28. Mostafanezhad M, Norum R, Shelton, EJ, Thompson-Carr A (2016) Introduction. In: Mostafanezhad M, Norum R, Shelton EJ, Thompson-Carr A (eds) Political ecology of tourism: communities, power and the environment. Routledge, London, pp 1–22Google Scholar
  29. Newnham RM, Vandergoes MJ, Hendy CH, Lowe DJ, Preusser F (2007) A terrestrial palynological record for the last two glacial cycles from southwestern New Zealand. Quatern Sci Rev 26(3–4):517–535Google Scholar
  30. Newsome D, Moore S, Dowling R (2013) Natural area tourism: ecology, impacts and management. Channel View Publications, BristolGoogle Scholar
  31. New Zealand Department of Conservation (2000) The New Zealand biodiversity strategy. Available from: https://www.biodiversity.govt.nz/pdfs/picture/nzbs-whole.pdf. Accessed 28 Sept 2016
  32. New Zealand Department of Conservation (2016) Unpublished census of yellow-eyed penguin breeding pairs 2015–16Google Scholar
  33. Ollman B (1993) Dialectical investigations. Routledge, New YorkGoogle Scholar
  34. O’Riardon T (1976) Environmentalism. Pion, LondonGoogle Scholar
  35. Palley TI (2005) From Keynesianism to neoliberalism: shifting paradigms in economics. Neoliberalism: a critical reader, pp 20–29. Available at: http://www.thomaspalley.com/docs/articles/macro_policy/keynsianism_to_neoliberalism.pdf. Accessed 28 sept 2016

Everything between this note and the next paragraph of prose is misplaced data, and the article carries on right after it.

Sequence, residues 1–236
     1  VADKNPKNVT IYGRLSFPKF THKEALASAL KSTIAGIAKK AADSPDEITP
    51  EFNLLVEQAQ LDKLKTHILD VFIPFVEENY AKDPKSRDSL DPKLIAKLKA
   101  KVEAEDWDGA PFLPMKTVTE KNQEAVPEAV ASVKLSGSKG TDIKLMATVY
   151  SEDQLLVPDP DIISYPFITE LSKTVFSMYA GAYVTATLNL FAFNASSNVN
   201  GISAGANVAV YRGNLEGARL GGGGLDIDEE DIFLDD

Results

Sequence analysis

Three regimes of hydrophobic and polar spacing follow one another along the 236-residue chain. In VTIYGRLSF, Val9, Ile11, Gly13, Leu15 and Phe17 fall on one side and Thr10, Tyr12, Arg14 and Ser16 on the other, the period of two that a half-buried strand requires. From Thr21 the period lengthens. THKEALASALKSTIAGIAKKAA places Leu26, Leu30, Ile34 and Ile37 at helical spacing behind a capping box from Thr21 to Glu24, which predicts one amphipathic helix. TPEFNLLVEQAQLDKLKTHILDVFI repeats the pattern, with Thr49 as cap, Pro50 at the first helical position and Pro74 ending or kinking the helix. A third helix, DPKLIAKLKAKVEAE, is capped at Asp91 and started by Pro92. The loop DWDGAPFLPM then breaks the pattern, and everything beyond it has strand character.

36. Piketty T (2014) Capital in the 21st century. Harvard University Press, Cambridge, MassachusettsGoogle Scholar
  37. Rappaport J (1977) Community psychology: values, research and action. Holt, Rinehart and Winston, New YorkGoogle Scholar
  38. Reis A, Shelton EJ (2011) The nature of tourism studies. Tourism Anal 16(3):375–384CrossRefGoogle Scholar
  39. Robbins P (2004) Political ecology: a critical introduction. Wiley-Blackwell, New YorkGoogle Scholar
  40. Robbins P (2012) Political ecology: a critical introduction, 2nd edn. Wiley-Blackwell, New YorkGoogle Scholar
  41. Scandrett E (2010) Environmentalism of the poor and the political ecology of prophecy: a contribution to liberation ecotheology. Doctoral dissertation, University of BirminghamGoogle Scholar